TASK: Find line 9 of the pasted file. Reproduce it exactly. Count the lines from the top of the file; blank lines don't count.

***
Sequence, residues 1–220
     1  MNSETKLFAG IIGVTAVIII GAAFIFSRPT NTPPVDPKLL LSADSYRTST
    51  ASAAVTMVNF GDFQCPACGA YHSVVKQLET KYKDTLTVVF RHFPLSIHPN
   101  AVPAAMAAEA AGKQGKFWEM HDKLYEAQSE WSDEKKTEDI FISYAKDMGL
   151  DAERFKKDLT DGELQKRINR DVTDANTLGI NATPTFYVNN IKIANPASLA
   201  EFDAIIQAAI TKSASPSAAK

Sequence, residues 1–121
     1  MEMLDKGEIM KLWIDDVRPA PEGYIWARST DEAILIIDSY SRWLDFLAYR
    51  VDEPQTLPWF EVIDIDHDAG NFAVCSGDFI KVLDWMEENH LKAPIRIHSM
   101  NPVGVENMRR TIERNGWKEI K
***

    51  VDEPQTLPWF EVIDIDHDAG NFAVCSGDFI KVLDWMEENH LKAPIRIHSM